Simple-minded gardener Chance has spent all his life in the Washington D.C. home of an old man. When the man dies, Chance is put out on the street with no knowledge of the world except what he has learned from television. After a run-in with a limousine, he ends up a guest of Eve and her husband Ben, an influential but sickly businessman. Now called Chauncey Gardner, Chance becomes friend and confidante to Ben, and an unlikely political insider.Written by
Scott Renshaw <firstname.lastname@example.org>
Peter Sellers was nominated for the Oscar for Best Actor. Some said the reason Sellers lost was because of the outtakes at the very end of the movie as the credits are rolling. Sellers himself later said the outtakes "broke the spell" of the movie. See more »
When the President is shown aboard Air Force One asking aids about "Chancey Gardner", immediately prior is shown a twin engine Boeing 737 taking off. A 737 has never been outfitted as a presidential plane. More accurately, a Boeing 707 taking off should have been shown. See more »
Under the end titles of the theatrical release are outtakes of Peter Sellers as Chance recounting the encounter with Abbaz. Sellers breaks character and laughs during each attempt. The lines do not appear in the movie. Certain versions of the film have credits with white text on a black background without the outtakes. See more »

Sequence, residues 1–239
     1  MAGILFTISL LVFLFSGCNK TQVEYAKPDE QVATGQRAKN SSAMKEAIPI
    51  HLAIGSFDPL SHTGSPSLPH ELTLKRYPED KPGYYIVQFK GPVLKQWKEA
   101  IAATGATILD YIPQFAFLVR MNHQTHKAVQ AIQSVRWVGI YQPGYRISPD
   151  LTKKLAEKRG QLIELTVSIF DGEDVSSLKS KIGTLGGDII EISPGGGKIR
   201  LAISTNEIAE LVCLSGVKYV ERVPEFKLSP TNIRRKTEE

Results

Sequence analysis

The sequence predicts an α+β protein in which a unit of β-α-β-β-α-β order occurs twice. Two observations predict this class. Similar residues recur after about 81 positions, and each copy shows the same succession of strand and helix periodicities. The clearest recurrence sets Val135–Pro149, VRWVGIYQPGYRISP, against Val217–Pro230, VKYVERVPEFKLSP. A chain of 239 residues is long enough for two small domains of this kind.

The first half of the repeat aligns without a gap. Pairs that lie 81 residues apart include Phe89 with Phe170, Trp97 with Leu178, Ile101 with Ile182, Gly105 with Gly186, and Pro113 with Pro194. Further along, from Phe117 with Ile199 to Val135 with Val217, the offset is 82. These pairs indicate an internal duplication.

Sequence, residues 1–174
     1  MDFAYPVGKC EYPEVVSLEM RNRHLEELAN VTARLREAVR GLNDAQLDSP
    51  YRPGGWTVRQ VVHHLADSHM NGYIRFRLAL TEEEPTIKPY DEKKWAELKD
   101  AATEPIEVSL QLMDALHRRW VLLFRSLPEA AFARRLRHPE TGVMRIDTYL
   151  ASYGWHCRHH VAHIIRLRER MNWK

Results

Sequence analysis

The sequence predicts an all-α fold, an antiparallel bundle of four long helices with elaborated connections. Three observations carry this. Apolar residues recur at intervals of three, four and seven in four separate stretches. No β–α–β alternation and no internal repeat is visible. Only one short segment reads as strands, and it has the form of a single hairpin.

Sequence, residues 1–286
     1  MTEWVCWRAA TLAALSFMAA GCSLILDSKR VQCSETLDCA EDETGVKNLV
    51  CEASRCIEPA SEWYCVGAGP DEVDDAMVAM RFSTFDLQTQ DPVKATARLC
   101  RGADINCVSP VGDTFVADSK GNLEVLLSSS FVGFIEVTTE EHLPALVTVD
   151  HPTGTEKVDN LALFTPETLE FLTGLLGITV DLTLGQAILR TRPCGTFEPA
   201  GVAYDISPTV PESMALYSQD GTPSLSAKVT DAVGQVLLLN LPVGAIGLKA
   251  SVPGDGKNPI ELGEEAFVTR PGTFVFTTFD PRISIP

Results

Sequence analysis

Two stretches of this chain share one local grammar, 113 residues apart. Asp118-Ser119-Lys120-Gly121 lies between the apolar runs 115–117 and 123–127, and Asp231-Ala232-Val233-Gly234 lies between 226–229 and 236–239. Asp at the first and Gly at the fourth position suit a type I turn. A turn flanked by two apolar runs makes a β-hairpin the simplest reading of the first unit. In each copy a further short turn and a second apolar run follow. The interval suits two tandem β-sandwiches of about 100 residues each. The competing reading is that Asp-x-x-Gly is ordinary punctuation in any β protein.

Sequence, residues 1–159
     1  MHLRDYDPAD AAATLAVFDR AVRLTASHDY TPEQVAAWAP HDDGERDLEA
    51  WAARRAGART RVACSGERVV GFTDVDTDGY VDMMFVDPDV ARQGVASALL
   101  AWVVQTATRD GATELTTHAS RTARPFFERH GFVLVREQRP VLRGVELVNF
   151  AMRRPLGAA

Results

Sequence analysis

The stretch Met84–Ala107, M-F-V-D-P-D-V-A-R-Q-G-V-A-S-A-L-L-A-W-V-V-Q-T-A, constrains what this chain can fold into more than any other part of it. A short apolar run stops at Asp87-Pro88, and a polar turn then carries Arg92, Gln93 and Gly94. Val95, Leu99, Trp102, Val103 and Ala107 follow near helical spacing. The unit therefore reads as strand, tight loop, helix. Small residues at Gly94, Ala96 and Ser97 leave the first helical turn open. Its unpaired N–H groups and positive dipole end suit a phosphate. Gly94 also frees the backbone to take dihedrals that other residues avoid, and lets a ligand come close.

There are two known versions of the closing credits. One features outtakes from the film featuring Sellers during the scene where Chance is getting his leg examined. And the second version, added in at the behest of Peter Sellers who was not happy with its inclusion, features the credits rolling over static, accompanied by the film's theme and sound clips from various television programs, and closed by a clip from a Gatorade commercial from the era. Most prints on television and home video use the first version of the credits. Version #2 was used on the general theatrical release, and in the 1980 MGM/CBS Home Video release of the film. Version #1 was reinstated when the film was reissued on video by CBS/FOX Video in 1983. See more »
On the face of it, this was always going to be a cinematic treat. Hal Ashby, who in my opinion had the greatest sense of humour in Hollywood directing Peter Sellers, one of the finest comic actors of all time.
What i didn't expect was an excellent supporting cast with superb performances from Shirley MacLaine and Melvyn Douglas and a watertight script from Kosinski. What gave me the biggest pleasure was Ashby's subtle portrayal of his own politics. Sellers' character's rise and rise is set against, in the beginning at least, images of the socially deprived. In most of Ashby's films there is a strong sense of the anti-establishment but what is brilliant in this movie is that Ashby gets inside the establishment to ridicule it and yet at the same time bring across a strong sense of humanity in the richer character's isolation and loneliness.
Politics or not Ashby's perfect pacing bring the best out of Sellers whose film career, Strangelove aside, was hit and miss. This movie is definitely a hit from the most underrated film director Hollywood has ever had the arrogance to forget to miss.
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